Table of Contents
Molecular Biology International
Volume 2012 (2012), Article ID 536802, 10 pages
Review Article

Modulator of Apoptosis 1: A Highly Regulated RASSF1A-Interacting BH3-Like Protein

1Department of Pediatrics, Faculty of Medicine and Dentistry, University of Alberta, 3055 Katz Group Centre for Pharmacy and Health Research, 113 Street 87 Avenue, Edmonton, AB, Canada T6G 2E1
2Department of Pharmacy, Faculty of Science, National University of Singapore, 18 Science Drive 4, Singapore 117543

Received 3 February 2012; Revised 29 March 2012; Accepted 3 April 2012

Academic Editor: Dae-Sik Lim

Copyright © 2012 Jennifer Law et al. This is an open access article distributed under the Creative Commons Attribution License, which permits unrestricted use, distribution, and reproduction in any medium, provided the original work is properly cited.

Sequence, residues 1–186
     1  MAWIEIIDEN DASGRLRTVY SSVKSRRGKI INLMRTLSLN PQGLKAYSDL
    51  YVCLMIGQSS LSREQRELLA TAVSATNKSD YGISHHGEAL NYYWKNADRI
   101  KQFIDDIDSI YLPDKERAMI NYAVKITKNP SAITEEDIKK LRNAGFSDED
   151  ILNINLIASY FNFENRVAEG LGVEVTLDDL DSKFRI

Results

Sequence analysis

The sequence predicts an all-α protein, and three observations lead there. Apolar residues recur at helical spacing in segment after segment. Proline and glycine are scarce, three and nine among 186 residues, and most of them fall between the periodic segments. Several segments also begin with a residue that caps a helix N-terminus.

Modulator of apoptosis 1 (MOAP-1) is a BH3-like protein that plays key roles in both the intrinsic and extrinsic modes of cell death or apoptosis. MOAP-1 is part of the Ras association domain family 1A (RASSF1A)/MOAP-1 pro-apoptotic extrinsic signaling pathway that regulates apoptosis by utilizing death receptors such as tumor necrosis factor α (TNFα) or TNF-related apoptosis-inducing ligand (TRAIL) to inhibit abnormal growth. RASSF1A is a bona fide tumor suppressor gene that is epigenetically silenced by promoter-specific methylation in numerous human cancers. MOAP-1 is a downstream effector of RASSF1A that promotes Bax activation and cell death and is highly regulated during apoptosis. We speculate that MOAP-1 and RASSF1A are important elements of an “apoptotic checkpoint” that directly influences the outcome of cell death. The failure to regulate this pro-apoptotic pathway may result in the appearance of cancer and possibly other disorders. Although loss of RASSF1A expression is frequently observed in human cancers, it is currently unknown if MOAP-1 expression may also be affected during carcinogenesis to result in uncontrolled malignant growth. In this article, we will summarize what is known about the biological role(s) of MOAP-1 and how it functions as a downstream effector to RASSF1A.